Last night Peter Mansbridge wrapped up one-on-one interviews with each major party leader in the current federal election on CBC. To each leader he put forward a frank question: what do you think of the phrase, ‘the leader with the most seats forms government.’ I am not going to go into detail regarding what each leader said on the topic (for that you should go to this post for great analysis of what the leaders are saying). What the question did trigger, however, was the realization that there are a number of misconceptions about how our parliamentary system works especially regarding how a government is formed post-election. These misconceptions seem to fester more than usual around election time. I’ve written three phrases here that I have heard said a number of times by Canadians when speaking about elections and the formation of government specifically.
Number One. I am going to vote for so-and-so-party-leader.
Unless you live in the ridings of Calgary Southwest, Outremont, Papineau or Saanich–Gulf Islands you are not going to be voting for the leader of any federal party which held seats in the last parliament during this election. For the vast majority of Canadians who will vote on Oct 19, the names listed on their own ballot will be people who we have never seen or heard of on the nightly news (save for the election night coverage). They are candidates who are seeking election within your riding (electoral district) which is based on geography and population. In essence, as mentioned in this post, there are 338 elections taking place during this federal general election. This fact is more obvious in U.K. election night coverage where each riding collection officer announces the winner for each riding separately, which emphasizes the fact that individual elections for candidates take place across the country. This is much different than the U.S. model where the President (Executive) is elected through a national electoral college and separate from members of the legislature. In Canada (and other Westminster parliamentary countries), we elect candidates who are summoned to Ottawa by the Governor-General after the election. That is it. We do not elect our Prime Minister, we do not elect any members of government for that matter. We simply elect the person who we want to have summoned to Ottawa when parliament is opened. Our work in the process is done and our democratic will has been satisfied through a democratic election of our candidate.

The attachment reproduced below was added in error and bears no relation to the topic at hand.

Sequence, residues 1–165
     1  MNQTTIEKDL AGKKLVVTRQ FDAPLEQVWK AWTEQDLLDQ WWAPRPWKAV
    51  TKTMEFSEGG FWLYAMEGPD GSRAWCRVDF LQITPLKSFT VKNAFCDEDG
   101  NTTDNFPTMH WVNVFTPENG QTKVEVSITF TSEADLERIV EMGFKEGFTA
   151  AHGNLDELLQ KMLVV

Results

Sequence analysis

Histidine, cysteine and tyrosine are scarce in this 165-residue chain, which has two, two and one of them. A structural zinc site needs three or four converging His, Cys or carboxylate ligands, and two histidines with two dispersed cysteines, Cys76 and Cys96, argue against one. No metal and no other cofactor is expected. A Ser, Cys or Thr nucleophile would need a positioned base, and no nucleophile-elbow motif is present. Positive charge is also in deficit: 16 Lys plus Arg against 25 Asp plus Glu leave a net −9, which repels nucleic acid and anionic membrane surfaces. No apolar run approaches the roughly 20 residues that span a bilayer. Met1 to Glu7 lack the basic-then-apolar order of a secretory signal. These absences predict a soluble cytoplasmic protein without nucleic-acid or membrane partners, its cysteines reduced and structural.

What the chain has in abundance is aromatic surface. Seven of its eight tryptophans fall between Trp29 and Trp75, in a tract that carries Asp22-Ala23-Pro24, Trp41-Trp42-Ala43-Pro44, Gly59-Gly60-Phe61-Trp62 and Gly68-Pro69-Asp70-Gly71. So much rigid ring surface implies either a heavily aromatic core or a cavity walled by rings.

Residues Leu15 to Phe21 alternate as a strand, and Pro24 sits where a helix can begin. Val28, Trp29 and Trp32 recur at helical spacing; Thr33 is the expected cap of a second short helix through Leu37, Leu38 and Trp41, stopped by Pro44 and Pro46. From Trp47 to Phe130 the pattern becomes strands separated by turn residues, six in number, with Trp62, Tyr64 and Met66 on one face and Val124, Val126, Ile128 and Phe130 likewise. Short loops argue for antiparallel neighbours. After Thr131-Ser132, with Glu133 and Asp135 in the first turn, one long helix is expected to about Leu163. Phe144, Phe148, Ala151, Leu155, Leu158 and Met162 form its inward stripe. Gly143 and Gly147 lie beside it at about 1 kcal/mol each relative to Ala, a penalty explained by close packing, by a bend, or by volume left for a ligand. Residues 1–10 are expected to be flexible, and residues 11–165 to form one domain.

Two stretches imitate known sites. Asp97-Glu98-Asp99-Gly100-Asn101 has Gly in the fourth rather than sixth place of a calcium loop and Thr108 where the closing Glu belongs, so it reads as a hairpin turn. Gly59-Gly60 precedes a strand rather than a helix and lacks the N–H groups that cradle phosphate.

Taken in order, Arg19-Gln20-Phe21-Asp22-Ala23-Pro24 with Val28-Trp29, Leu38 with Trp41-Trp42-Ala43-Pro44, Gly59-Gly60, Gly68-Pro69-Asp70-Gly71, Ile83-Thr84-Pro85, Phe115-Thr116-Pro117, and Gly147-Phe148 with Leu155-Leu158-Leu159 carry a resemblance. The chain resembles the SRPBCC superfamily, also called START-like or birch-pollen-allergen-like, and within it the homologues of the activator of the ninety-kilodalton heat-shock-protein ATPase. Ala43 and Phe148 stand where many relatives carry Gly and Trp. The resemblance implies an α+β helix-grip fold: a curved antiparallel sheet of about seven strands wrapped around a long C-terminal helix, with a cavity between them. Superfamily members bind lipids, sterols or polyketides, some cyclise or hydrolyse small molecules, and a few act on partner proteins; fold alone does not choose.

Now, the typical response to this goes something like this: I know that I elect the candidate but once elected they are whipped into following what the leader wants so essentially I am voting for the leader. But this is not entirely correct. You have elected a person in parliament who is charged with representing your riding in the House of Commons. While there may be whips and mechanisms for controlling members within parliament, they have the legal right to cast a ballot in their own choosing and no authority can remove that right. However, the topic of the whip in parliament is meant for an entire post (or series of posts) on its own, therefore what is important is just to remember that nothing aside from party created mechanisms prevent your member from breaking ranks.
There is something to be said about creating a de facto proxy vote system in Canada. First, elections are meant to legitimize the presence of an individual in the House of Commons. If we are just electing the leader of a party or the branded party itself, we are throwing out 334ish people who are paid and have a legal right to sit and act in parliament. And, as is pointed out here, when you proxy vote, you have no control over the other 337 results and on top of that you are working within a system which is designed to facilitate the election of 338 ridings into one parliament. I would therefore make no sense to attempt to vote within your own riding for a strategic outcome overall. This is where misconception concerning our electoral system begin to creep in as well (but more on that in future posts).
Number Two. The leader of the party with the most seats in the House of Commons forms government.